Label/Year: Clean Feed, 2017
Lineup - Thomas Johansson: trumpet; Kristoffer Alberts: saxophones; Ola Høyer: bass; Gard Nilssen: drums.
Cortex (not to be mistaken with the French jazz fusion band from the 70s) is a creative Scandinavian quartet - Thomas Johansson on trumpet, Kristoffer Alberts on saxophones, Ola Høyer on bass, and Gard Nilssen on drums - capable of reviving the decorous avant-jazz current with fierce determination by conjugating several elements from the past with a contemporary attitude.
Avant Garde Party Music, the fifth album of their career and the third for the Clean Feed Records, follows a pair of live records, unmistakably entitled Live! and Live in New York, released in 2014 and 2016, respectively.
“Grinder” is a tempting opener, boasting a straightforward statement that has some familiarity with the works of Don Cherry during the 60s, whether with Ornette Coleman, Pharaoh Sanders, or Gato Barbieri. The improvisations are linked by a brief unison passage over a nice groove. This creative section starts with Alberts, who constructs slowly, resolutely, and sometimes furiously, and ends with Johansson, whose vibrancy and force are eminent regardless the register he chooses to operate. Still, the high-pitched notes have an impactful reverberation that comes naturally from the trumpet sound.
With “Chaos” we feel invited to their party. The danceable head of the song, possibly inspired by electronic music, leads us to cackles, shrieks, and screams vociferated by Johansson, which, subsequently, pushes us to a distended solo by Alberts, who romps in a frenetic language filled with impetuous timbral variations and passionate rhythmic ideas.
Don’t expect a 3/4 tempo on “Waltz” because this piece, exhibiting a traditional AABA structure, swings with a 6/4 time signature on the A section and veers to 5/4 on the B. It features Alberts playing the soprano sax with utter enthusiasm.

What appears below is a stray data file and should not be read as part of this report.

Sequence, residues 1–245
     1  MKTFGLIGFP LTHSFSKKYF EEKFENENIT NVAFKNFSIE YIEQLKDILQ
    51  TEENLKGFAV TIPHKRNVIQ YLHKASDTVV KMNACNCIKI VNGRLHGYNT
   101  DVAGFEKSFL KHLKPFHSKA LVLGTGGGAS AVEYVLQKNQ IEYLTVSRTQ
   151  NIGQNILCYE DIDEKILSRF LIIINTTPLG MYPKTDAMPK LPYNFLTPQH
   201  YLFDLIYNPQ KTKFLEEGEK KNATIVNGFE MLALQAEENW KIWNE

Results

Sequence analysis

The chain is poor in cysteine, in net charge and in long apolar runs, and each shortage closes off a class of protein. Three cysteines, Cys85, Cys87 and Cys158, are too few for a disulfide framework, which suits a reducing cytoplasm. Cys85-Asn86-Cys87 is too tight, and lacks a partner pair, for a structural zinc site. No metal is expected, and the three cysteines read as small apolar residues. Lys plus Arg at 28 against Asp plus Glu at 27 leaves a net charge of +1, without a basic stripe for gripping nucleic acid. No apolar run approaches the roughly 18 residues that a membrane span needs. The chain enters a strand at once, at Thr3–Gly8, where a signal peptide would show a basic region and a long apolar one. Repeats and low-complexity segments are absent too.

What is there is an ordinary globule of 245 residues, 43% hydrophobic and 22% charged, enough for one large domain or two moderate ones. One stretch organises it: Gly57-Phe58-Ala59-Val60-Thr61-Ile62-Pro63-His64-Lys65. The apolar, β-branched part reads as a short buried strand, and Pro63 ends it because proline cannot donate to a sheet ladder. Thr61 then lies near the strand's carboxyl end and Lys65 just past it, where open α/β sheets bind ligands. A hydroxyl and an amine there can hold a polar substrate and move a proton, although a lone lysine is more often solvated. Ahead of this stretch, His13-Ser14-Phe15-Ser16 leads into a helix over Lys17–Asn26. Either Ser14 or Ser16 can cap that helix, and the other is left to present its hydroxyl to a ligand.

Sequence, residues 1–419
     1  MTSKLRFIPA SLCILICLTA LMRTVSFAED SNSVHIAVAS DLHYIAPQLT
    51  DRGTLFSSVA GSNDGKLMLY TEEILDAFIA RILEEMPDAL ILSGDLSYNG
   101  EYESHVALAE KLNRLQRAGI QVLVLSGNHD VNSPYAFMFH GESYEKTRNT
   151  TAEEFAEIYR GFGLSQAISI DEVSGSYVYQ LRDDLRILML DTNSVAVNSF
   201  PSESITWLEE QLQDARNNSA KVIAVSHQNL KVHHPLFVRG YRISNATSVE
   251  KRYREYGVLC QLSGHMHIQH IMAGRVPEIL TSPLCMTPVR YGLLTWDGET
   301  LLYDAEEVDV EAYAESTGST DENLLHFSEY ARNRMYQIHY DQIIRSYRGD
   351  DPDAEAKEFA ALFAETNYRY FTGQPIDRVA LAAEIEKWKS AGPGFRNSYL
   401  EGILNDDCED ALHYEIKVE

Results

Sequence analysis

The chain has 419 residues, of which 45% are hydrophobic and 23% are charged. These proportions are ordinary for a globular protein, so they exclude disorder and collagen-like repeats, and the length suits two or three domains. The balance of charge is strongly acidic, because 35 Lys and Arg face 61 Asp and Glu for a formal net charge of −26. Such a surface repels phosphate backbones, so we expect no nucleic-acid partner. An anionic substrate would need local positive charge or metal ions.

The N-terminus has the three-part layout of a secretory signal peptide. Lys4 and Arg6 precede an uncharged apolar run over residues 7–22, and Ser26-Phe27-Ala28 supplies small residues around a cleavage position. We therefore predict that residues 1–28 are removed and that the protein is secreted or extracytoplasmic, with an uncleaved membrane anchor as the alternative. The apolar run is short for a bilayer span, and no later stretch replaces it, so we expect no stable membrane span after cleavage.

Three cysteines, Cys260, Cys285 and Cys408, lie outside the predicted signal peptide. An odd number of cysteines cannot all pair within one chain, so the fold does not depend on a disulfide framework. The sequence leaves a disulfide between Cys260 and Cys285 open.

One of the most gratifying tunes is “(If you where) Mac Davis”, a virulent exercise that immediately gains a statute of rebelliousness. The initial prayerful fervency, typical of David S. Ware, is deflected to an animated, powerful rock mode on top of which we can hear an expressive muted trumpet solo.
Brimming with exotic Latin pulses, “Disturbance” has timely snare drum hits working together with regular cymbal chatters. The purpose is to guide throughout the undeviating route, which finishes in playful counterpoint.
After the shifting “Obverse/Reverse”, where the band members transfigure from typical avant-garders to groove-oriented disciples of the cool, the record offers up the electrifying “Off Course”, featuring Nilssen’s gnarly preamble, which accommodates powerful drum rolls and tom-tom altercations, and another muscular saxophone bustle crammed with lively grit and optimum technique.
Cortex’s music brings a blithe humor attached, feeling solidly compact rather than frivolously cathartic. The like-minded quartet, constantly varying between the taut and the groovy, also found a laudable balance between the puissant unisons and the individual creativity.
02 – Chaos ► 04 - “(If you where) Mac Davis ► 08 – Off Course